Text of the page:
Carrying parcels around at minus 26 degrees – everyday life for Claudia Sollberger.

Working in the deep-freeze warehouse? No, she didn’t want that.

«Now it’s time to get married,» says Sollberger, arriving at the top. Excuse me? Under the warehouse ceiling, where the ventilation pipes pump in the coldest air, at minus 28 degrees, each brown cardboard box is given an underlay so that it runs through the facility more smoothly. «We call it a wedding because two singles become a couple,» Sollberger says with a laugh. And what is actually inside the brown boxes? Colleague Odermatt explains: «About 40 per cent of the products are bread. First and foremost the Tessinerli loaf. But we also store all the other frozen products that are available in the Migros product range. The seal ice lollies, too, of course.»

It is a lot colder in the facility than the minus 18 degrees needed for deep-freezing. This is to ensure the safety of the goods. «If the goods were left outside for two hours at 0 to 5 degrees, their core temperature would still be minus 20 degrees.» Colder is always fine for the products. But the people – and also the facility – are happy about every degree of warmth. In the facility, the oil and the cables in particular are specially designed for the cold.

«It took a while for the colleagues to warm up.»

Claudia Sollberger, Warehouse technician

Claudia Sollberger does the finger check again: suddenly they are warm again. She is pleased. «Now you’ve crossed the pain threshold and overcome the cold. If you can’t do that, then this job is impossible.» Nevertheless, she adds that you never completely get used to the cold, at most you learn how to deal with it. After a first trial week, she was in any case certain: «No, it’s not going to be my next job.» So she wanted to return to the «normal» distribution centre next door, where the trained hospitality assistant had already worked for 10 years previously. «But somehow I couldn’t give up so quickly and tried again.»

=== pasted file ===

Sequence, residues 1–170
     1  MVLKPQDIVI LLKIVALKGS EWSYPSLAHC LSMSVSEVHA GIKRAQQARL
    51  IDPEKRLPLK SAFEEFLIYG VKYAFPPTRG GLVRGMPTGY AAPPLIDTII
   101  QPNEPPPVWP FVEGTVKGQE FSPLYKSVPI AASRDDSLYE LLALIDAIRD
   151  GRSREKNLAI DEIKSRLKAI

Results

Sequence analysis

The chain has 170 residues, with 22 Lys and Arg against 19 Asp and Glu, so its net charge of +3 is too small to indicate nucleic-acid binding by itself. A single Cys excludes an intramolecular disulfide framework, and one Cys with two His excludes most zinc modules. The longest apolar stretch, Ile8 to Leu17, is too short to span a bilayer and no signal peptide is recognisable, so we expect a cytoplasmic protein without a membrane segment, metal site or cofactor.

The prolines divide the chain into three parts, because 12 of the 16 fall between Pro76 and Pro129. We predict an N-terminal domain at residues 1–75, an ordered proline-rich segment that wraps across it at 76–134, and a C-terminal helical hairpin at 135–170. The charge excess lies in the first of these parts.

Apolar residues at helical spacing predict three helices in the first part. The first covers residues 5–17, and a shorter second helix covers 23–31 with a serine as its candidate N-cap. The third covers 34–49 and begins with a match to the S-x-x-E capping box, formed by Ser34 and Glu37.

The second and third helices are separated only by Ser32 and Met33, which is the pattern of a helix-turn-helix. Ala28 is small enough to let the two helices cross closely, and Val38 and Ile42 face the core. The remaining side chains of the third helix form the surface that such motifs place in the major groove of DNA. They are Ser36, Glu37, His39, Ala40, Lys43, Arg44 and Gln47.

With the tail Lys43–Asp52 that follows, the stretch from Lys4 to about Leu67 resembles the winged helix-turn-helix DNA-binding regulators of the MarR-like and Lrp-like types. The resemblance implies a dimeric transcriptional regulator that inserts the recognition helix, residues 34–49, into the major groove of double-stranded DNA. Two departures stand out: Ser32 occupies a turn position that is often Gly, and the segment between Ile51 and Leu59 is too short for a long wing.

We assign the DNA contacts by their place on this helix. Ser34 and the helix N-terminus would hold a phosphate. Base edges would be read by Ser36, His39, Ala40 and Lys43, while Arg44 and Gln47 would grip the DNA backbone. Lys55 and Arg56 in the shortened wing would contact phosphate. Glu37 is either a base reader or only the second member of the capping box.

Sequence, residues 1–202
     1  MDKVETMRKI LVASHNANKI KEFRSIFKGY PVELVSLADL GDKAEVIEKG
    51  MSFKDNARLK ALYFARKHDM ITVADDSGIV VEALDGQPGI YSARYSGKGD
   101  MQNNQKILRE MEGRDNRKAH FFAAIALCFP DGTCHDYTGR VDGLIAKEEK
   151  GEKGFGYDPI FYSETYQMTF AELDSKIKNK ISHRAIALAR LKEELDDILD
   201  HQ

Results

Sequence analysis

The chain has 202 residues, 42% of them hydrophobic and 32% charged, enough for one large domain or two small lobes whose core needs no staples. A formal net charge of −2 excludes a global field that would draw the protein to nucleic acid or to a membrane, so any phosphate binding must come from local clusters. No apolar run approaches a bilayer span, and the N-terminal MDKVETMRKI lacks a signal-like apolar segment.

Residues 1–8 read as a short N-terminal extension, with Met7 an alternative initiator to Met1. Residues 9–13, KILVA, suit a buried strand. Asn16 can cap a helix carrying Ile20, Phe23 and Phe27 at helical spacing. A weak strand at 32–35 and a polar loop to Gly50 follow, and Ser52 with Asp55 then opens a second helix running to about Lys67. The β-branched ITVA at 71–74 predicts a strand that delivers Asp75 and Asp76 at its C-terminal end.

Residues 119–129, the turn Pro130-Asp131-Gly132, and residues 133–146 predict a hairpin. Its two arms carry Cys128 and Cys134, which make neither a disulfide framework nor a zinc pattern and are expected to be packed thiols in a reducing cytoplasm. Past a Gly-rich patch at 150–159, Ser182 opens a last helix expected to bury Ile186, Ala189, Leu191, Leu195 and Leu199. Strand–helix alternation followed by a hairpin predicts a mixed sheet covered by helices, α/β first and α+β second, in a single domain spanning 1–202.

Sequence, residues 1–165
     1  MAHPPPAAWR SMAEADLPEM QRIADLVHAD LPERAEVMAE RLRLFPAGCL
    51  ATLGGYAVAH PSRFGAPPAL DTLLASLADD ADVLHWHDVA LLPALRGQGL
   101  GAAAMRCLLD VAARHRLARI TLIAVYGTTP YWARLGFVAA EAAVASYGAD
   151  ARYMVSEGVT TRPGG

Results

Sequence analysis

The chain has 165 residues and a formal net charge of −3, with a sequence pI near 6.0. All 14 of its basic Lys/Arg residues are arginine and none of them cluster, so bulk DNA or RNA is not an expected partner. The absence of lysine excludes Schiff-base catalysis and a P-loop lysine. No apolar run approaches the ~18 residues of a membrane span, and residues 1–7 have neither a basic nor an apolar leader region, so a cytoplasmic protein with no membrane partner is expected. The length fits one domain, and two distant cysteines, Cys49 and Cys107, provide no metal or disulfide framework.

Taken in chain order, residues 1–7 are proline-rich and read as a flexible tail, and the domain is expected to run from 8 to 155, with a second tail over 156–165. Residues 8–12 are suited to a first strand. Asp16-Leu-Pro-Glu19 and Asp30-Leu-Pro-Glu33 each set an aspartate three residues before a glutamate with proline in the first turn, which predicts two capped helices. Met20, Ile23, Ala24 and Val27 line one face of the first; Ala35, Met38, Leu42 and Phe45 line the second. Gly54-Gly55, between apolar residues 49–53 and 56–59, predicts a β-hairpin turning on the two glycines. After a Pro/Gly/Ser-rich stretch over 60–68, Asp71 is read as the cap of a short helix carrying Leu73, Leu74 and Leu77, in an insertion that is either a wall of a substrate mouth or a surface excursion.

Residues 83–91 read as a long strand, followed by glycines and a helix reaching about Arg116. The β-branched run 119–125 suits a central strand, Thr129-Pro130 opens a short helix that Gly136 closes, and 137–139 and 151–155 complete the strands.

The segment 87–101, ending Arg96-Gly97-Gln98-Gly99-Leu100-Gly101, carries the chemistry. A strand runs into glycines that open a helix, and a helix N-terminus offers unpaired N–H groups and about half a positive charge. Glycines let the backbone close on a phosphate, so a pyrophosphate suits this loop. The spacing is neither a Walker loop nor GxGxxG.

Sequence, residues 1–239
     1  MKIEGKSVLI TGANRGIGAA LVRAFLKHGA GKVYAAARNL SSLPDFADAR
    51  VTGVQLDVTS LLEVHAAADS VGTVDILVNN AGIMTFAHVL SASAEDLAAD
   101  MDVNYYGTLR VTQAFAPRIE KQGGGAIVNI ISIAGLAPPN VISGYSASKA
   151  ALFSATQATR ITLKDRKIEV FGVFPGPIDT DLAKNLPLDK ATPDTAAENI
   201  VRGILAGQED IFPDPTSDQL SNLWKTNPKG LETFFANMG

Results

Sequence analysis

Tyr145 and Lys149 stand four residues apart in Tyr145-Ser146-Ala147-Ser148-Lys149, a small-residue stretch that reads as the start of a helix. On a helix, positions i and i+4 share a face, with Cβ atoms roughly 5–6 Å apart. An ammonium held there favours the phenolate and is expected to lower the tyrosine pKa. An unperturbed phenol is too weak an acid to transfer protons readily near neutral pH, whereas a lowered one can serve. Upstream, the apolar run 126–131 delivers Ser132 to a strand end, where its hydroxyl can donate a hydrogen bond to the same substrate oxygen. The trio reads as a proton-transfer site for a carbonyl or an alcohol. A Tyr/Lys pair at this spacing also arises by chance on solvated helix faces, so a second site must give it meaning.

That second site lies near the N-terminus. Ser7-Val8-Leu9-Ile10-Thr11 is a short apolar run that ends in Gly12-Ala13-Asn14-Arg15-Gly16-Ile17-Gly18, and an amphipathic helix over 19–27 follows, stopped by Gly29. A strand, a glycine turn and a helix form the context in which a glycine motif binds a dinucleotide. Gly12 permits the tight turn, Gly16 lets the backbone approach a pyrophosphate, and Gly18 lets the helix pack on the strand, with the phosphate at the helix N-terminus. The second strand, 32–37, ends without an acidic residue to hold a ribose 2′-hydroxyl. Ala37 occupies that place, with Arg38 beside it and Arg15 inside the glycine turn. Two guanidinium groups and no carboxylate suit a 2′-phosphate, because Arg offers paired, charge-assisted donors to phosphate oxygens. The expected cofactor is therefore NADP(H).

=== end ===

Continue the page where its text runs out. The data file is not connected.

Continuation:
On the platform, Claudia Sollberger confers with her colleagues before everyone disperses along the facility.

It took time for the men to warm up

By now, Sollberger has been working below freezing for five years. After about two months she was acclimatised and realised that you can sweat even at minus 26 degrees. «If several warning lights are flashing at the same time and I take the stairs in a hurry, it wont take long!» The colleagues were actually tougher to deal with than the cold: the job in the freezer is a male domain. «A woman can’t do that,» they said, Sollberger was one of the first. «It took a while for my colleagues to accept me. But they warmed up to me eventually.»Despite the temperatures.

Currently, there are only two other women working at the facility besides Sollberger. This is not primarily due to the cold, because contrary to preconceptions, women cope better with it than men: rather, it is probably due to the shift work, which isn’t always easy to organise, especially if you have children, the grandmother of three knows.

After making sure everything goes smoothly at the wedding, she heads back downstairs. There she exchanges a few words with her colleagues and then makes her way towards the entrance, towards the steaming door. This also pleases the author. Because although her hands are warm again, her toes have definitely taken a leave of absence.

A shift in the deep freezer lasts 8 hours, but every 90 minutes there is a mandatory 15-minute heat break. That’s enough to warm up, even now in winter. Although the temperature fluctuations to the outside world are smaller in winter, Claudia Sollberger prefers to work in summer. «When I get into the overheated car after work, I don’t sweat. I’m basically a human air conditioner. It’s so convenient.» And anyway, she is still cold outside in winter. She doesn’t like it.